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Making Civics Real Workshop 2: Electoral Politics  
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Workshop 2

Workshop Session
Lesson Plan
Teacher Perspectives
Student Perspectives
Essential Readings
Other Lessons

Student Perspectives: The issues

Tremayne: The subject that we’re doing is education. Today we went over dropout rates, graduation rates, and percentages of people that go to college. We dealt with how the students felt and how parents felt. We did surveys and we did a lot of background research to find out where [Newark] needs to be to compete on a national level. We found out that Newark is seriously behind. So what we are trying to do is see what the new mayor can do that will have us on an even playing field.

Quadir: I went to the Internet and searched for the average graduation rate of the country and searched for what the graduation rate of Newark was compared to the dropout rate and the SAT scores. It surprised me that Newark was only 40 percent and the average graduation rate for the country was 70 percent and that Newark was 30 percent lower than what the country was.

Ebony: I did recreation. We started out with a survey. It was fun to do because we just threw out a whole bunch of ideas--like swimming pools in schools--because we always used to say it would be fun if we had a swimming pool in the building. There are a lot of recreation centers that we are involved in. So it was not that hard for us to do. We surveyed 51 people. Because our school is majority girls, we did 34 girls and 17 guys. But we still got a consensus of what everybody wanted. We had questions like about youth-sponsored events for senior citizens and a lot of kids were for it, but then there were a few who didn’t want anything to do with old people. Every single person that we surveyed voted that they would like more community festivals because that’s the only time you will see everyone you know in one place and it’s all positive, no fights. We make a mess of the streets but it’s nice afterwards to see everybody cleaning it up. It gives everybody a chance to get together again for positive reason, to be outside for a good reason, not just standing on a corner. We were deciding on what there is already--the good things--and then what we wish there was--things that our younger sisters and brothers and even our kids can have and do that we didn’t have. One thing we wish is that the parks looked better. We go to play games and stuff and the parks are kind of like…ugh. So we decided we want them to be improved. It was important for us to do a survey because we wanted to get everyone’s opinion on how they felt and what they wanted. I didn’t want to be selfish and say this is what we want. We wanted to make sure that we had a consensus so we could speak for a larger group of people than just ourselves.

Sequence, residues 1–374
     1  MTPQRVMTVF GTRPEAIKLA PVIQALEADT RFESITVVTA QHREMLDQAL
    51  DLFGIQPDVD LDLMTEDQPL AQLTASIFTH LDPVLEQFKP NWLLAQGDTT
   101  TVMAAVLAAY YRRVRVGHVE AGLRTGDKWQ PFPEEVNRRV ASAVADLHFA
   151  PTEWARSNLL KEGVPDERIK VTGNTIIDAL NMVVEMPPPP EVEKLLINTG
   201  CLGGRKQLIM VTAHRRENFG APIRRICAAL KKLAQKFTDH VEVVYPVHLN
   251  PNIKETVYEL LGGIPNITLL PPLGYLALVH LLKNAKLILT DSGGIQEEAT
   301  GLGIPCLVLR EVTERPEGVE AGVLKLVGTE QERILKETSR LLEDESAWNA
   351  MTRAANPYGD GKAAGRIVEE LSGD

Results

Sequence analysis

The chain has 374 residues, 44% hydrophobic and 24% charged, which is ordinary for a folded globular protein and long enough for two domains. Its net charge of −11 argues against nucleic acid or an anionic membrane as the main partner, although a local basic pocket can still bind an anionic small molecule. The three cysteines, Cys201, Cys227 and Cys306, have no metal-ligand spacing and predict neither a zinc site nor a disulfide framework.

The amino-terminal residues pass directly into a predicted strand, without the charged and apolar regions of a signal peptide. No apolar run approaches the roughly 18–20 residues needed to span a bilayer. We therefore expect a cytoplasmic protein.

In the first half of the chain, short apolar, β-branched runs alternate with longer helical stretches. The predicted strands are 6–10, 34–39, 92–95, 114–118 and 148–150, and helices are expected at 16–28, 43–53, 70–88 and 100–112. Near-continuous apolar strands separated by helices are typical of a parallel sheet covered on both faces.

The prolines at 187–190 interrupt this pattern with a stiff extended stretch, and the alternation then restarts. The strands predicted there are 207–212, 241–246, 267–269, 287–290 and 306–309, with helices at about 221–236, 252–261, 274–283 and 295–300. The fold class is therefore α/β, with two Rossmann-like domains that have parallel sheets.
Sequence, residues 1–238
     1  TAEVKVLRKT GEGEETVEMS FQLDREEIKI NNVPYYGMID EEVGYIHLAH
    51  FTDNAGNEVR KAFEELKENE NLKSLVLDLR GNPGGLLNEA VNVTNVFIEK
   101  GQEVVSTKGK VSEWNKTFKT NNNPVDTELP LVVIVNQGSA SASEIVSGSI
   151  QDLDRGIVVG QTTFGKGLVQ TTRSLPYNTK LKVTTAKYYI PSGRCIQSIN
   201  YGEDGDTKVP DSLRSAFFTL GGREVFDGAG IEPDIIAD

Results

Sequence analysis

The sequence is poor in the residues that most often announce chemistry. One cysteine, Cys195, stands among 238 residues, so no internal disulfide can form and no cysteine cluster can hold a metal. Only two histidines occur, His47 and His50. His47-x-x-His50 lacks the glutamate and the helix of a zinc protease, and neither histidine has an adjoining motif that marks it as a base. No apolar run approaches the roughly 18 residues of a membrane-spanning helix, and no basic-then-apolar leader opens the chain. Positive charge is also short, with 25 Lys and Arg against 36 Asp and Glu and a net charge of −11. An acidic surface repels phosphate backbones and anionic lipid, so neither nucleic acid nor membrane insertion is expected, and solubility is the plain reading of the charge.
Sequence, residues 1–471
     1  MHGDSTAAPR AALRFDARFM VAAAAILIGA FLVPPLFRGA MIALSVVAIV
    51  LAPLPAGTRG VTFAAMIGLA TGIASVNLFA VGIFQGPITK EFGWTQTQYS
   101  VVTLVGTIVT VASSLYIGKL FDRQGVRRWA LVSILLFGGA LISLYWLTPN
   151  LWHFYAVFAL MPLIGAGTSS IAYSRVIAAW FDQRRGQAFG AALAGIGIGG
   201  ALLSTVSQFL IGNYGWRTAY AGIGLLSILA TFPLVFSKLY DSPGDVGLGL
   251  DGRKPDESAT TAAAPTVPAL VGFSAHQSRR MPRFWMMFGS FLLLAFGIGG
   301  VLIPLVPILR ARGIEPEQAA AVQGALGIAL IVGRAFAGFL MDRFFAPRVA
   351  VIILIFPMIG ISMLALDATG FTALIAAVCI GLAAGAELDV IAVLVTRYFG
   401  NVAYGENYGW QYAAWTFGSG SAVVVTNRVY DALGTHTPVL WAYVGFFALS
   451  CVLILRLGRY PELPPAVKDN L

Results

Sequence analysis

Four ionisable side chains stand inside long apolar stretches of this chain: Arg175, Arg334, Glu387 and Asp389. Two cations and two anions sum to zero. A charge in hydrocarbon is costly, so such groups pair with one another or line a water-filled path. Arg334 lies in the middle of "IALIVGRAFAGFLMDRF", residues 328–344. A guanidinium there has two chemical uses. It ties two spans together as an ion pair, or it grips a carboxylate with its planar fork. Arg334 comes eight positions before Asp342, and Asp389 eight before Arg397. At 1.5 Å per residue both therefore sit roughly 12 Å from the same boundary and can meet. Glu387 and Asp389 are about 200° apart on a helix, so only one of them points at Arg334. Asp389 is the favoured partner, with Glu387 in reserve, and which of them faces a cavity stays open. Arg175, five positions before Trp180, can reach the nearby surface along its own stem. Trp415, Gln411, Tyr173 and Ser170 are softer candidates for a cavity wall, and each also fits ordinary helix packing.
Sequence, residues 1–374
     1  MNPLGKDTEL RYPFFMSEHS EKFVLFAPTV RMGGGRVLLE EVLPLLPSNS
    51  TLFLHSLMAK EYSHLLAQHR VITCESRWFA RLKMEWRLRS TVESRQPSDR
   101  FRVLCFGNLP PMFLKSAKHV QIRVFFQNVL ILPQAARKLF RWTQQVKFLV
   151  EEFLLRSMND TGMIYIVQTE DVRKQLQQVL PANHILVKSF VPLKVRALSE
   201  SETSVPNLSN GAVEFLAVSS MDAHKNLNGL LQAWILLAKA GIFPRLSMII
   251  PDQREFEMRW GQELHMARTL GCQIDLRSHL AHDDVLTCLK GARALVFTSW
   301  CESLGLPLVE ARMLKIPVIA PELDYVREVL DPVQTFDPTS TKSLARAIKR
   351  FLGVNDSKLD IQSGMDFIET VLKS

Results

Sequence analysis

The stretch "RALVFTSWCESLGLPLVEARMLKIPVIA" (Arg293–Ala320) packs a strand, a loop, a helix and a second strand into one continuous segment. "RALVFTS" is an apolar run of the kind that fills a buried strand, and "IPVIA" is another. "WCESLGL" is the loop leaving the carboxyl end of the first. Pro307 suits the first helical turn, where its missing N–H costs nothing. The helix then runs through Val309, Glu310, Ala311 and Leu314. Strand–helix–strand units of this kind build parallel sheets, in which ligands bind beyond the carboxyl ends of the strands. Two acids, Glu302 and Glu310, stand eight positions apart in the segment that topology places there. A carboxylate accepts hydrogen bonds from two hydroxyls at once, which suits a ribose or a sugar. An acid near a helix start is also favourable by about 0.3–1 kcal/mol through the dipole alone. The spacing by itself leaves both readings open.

Kerron: The focus of my group was on housing and neighborhood issues. We branched out to different issues than housing and neighborhoods. Like we weren’t necessarily concerned with housing, we were concerned with how safe the streets were, how the sidewalks were paved, and if the houses were stable and in good condition to live in. We looked up how many housing projects they’ve torn down and replaced with the new economic-sized houses and we also looked around the city and observed what streets were damaged the worst. The thing that most interested me was the streets in the neighborhoods. Before we even began doing research or I ever heard of this project or Student Voices, I always noticed how terrible the streets were and how drug-infested the neighborhoods were. When this project came about, I had my chance to voice my opinion.

Maysa: Our topic was teen employment in the City of Newark. You look at other people and they have this and they have that and I’m sure everyone desires to have something more than what they have. So we felt that employment in Newark is a main focus because regardless of what you say, you do worry about what people feel as far as like clothing and your hair. Girls want to look nice and the guys want to look nice for the girls. It’s a need but it’s also a want. So our focus was on employment and we showed the class our research based on students who go to University High School. We surveyed 95 students on whether or not they worked in Newark and if they made more than $6.50 (which is actually not minimum wage, it’s $5.25) and who was able to work with the Mayor’s Office of Employment Training because that’s the program that they offer in the summer for teens to have a job. We made a circle graph to show that the majority of students that do have jobs in Newark don’t make more than $6.50.

Samuel: Our group was looking at issues in the community from the small stuff like a pothole here and there to the major issues of drugs in the community and preventing drugs from getting into the community. What I’ve learned from it is that there are all these different channels. You may want something to be done but it’s going to take time and it may not be done when you want it to be done.


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